Shalaby et al. mentioned to coloration of Tuta absoluta eggs in black after its infection by B. bassiana. T. absoluta is Gelichiid [21] and black eggs resulted from infection by concentrations ranged between 107 and 1010 conidia/ml, death rate arrived 100%. Jaksch also mentioned [22] that eggs of T. absoluta showed spots in black as a result of direct infection with B. bassiana, eggs have dried clearly 4 days after incubation, white mycelium of fungus was observed on the pole of egg and a tissue of white spores have appeared on it.

Results of this research indicated that the most of nonhatching eggs had transparent color, and they represented nonfecunded eggs. Some of nonhatched eggs had yellowish color, and they represented fecunded eggs but they did not hatch for natural reasons, so they did not have a brown color as normal fecunded eggs before hatching [23, 24, 25]. The rest of dead eggs had a black color because of infection with B. bassiana, and it forms a percentage range from 0 to 20% of dead eggs. Low percentage of black eggs may belong to the low relative humidity and low concentrations in this research in comparison with another research on eggs of Tuta absoluta. Gottwald and Tedders [26] mentioned that decrease in fungus sporulation on dead host does not necessarily correlate to mortality that can be explained by several reasons like low temperature and relative humidity in its incubation climate or lose an essential substance for the development of fungus. For the same fungus, decrease in fungus sporulation on their dead hosts can be explained by diversity of the virulence between strains. That attributed to their genetic diversity that supports strains in its specialization in certain host and in its geographical distribution. [27].

Eggshell’s structure has an important role in spore ability to adhere on the egg surface and increases the chance to infection impact. Therefore, egg’s sensibility differs between species, for example, eggs of Lepidoptera have a huge chance of death as a result of fungal infection which belongs to sculptures on eggshell [20, 28]. Ceratitis capitata eggs are considered insensitive because they have smooth shell, where adhesion of spores is so difficult and the probability of their infection with entomopathogenic fungi seems relatively weak [29].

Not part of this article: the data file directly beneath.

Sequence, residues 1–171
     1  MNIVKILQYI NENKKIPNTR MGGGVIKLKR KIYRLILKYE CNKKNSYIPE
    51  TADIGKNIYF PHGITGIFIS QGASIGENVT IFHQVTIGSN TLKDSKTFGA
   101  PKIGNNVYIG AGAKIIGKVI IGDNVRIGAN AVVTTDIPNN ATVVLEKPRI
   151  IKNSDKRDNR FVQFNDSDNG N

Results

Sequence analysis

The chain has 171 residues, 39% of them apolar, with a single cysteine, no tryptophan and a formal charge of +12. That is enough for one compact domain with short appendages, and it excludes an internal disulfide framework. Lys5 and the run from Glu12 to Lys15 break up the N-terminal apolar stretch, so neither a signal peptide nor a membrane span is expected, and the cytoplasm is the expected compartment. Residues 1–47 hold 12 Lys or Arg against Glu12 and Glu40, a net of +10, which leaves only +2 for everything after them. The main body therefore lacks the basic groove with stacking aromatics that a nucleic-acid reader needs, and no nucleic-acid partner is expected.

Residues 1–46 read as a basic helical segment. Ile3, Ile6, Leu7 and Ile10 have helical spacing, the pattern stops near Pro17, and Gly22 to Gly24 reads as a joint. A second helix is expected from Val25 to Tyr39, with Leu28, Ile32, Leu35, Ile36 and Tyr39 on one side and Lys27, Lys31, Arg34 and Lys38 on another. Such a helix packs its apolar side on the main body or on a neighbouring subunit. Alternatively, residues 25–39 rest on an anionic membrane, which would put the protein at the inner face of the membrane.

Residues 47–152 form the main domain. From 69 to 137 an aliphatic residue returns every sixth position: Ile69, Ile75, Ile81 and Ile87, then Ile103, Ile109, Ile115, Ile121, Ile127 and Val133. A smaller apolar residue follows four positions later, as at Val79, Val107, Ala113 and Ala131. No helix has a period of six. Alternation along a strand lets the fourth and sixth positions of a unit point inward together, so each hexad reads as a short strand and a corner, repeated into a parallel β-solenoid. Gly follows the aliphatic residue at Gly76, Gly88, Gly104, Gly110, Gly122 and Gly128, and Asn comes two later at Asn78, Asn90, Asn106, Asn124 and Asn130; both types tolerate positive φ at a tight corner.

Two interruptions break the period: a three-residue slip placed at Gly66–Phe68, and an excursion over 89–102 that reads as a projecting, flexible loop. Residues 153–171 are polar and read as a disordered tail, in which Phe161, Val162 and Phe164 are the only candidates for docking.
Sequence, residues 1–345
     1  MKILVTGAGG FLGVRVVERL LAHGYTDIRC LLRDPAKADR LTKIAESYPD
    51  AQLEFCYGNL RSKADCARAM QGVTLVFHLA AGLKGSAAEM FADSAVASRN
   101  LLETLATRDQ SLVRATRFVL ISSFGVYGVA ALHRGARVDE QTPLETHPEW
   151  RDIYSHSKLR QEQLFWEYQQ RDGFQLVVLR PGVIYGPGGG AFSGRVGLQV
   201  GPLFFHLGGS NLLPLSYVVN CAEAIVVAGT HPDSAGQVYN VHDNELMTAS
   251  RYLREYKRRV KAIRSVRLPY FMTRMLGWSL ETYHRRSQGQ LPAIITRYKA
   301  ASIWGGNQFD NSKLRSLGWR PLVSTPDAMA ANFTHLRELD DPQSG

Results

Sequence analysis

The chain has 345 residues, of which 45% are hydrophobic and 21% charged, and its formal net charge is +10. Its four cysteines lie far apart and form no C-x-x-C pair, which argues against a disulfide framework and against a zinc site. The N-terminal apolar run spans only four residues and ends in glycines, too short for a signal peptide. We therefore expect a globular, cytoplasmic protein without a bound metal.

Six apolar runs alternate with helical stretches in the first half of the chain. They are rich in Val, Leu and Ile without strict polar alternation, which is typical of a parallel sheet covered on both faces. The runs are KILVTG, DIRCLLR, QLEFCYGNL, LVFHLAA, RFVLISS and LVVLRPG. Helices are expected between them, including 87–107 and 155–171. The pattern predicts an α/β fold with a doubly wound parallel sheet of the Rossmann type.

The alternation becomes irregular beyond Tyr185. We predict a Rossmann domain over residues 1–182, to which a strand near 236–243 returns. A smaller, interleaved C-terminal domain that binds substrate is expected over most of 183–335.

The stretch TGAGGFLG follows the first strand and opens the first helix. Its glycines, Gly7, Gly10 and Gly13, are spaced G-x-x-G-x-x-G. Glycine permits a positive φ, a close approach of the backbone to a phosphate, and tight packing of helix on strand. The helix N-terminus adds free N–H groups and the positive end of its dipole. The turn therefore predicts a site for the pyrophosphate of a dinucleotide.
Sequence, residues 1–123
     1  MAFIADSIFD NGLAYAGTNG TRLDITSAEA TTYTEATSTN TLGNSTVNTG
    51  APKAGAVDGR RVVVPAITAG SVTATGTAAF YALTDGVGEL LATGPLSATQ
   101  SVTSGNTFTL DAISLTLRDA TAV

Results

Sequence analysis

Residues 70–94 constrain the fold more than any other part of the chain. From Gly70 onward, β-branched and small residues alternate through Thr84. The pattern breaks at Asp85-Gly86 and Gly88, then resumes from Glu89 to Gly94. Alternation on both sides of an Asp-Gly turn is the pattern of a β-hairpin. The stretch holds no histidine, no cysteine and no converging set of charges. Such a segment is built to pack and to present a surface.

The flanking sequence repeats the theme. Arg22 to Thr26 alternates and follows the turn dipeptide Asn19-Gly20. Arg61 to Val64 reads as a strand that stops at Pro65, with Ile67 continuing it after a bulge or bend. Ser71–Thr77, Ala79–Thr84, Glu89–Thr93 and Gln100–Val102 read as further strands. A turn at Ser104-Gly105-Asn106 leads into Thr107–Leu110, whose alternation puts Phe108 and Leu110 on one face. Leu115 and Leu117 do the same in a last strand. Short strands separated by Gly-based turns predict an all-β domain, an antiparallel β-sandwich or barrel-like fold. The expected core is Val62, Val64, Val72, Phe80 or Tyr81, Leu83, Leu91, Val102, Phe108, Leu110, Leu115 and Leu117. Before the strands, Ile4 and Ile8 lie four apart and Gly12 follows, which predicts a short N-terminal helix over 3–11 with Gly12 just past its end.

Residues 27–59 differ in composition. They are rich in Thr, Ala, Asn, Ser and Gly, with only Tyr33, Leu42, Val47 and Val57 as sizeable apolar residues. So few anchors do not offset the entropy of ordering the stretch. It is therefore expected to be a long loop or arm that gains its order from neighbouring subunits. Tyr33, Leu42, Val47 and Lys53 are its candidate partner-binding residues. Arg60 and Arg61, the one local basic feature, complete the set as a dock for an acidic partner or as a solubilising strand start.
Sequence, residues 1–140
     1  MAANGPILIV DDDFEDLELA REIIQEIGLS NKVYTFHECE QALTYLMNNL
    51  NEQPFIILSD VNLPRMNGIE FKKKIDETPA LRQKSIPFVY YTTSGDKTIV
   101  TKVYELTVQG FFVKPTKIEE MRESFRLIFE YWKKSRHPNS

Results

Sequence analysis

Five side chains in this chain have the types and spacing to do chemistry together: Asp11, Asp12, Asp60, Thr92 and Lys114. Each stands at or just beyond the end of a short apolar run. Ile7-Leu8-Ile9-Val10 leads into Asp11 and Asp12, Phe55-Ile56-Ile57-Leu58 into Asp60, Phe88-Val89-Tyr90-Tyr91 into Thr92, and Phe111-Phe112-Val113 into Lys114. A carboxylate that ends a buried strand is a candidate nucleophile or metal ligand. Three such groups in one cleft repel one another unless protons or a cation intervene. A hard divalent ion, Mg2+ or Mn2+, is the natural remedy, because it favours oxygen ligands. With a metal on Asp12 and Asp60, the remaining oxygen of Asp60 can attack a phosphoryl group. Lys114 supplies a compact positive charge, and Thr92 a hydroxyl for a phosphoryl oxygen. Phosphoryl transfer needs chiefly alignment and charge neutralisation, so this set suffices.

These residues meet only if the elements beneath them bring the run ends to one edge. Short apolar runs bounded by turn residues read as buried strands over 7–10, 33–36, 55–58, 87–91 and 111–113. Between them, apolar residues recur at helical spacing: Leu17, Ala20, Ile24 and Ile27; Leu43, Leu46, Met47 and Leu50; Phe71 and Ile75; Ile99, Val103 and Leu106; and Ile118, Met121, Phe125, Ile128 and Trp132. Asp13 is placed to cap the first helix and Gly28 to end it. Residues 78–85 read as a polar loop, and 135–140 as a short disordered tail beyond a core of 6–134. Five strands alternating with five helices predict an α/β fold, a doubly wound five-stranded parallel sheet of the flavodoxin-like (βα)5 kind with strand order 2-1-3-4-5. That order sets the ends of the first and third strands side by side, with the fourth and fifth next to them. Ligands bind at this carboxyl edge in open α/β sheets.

The importance of controlling eggs stage belongs to one hand, egg stage is fixed stage and easier in controlling than larvae in family Gelechiidae. On the other hand, Gelechiidae larvae (Ex: P. operculella, T. absoluta and Scrobipalpa ocellatella) dig tunnels inside leaves, tubers or roots, so they are protected from entomopathogenic effect. All previous makes its control so complex. Therefore, controlling eggs existing on leaves, fruits, stems and tubers represent a solution, where eggs are more exposed to natural enemies that prevent the appearance of damaging larvae from the beginning [22].


5. Conclusion

The pathogenicity of three local isolates of the entomopathogenic fungus Beauveria bassiana (Bals.) Vuill was evaluated on eggs of potato tuber moth P. operculella (Zeller). Isolates were taken from Latakia (isolate B), ICARDA spt273 (isolate C) and Damascus (isolate D). Three concentrations 104, 105, and 106 conidia/ml were used for each isolate; by spraying spore suspension on eggs. Eggs in the control were sprayed by sterilized water. The germination rate was evaluated after 24 h incubation in the dark. All tests were done under laboratory conditions of temperature 28 ± 2°C and relative humidity 40 ± 5%. Results showed significant differences in germination rate, where the average of germination rate was 67, 55, and 47% for isolates B, D and C respectively. Susceptibility tests showed significant differences in averages of hatching rate between the control and both isolates B and C when 1 × 106 conidia/ml was applied, with averages 18.3 and 26.6% for previous isolates respectively, in contrast 38.3% for isolate D and 66.6% for control. Findings indicated that eggs of P. operculella seemed sensible to local isolates of B. bassiana in varying degree. Results encourage further studies about the efficiency of effective isolates for controlling eggs of this pest in natural conditions of store and field and testing the local isolates on the other stages (adults and larvae) under better condition than this research condition.


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Written By

Nisreen Houssain Alsaoud, Doummar Hashim Nammour and Ali Yaseen Ali

Submitted: May 4th, 2018 Reviewed: May 8th, 2018 Published: December 5th, 2018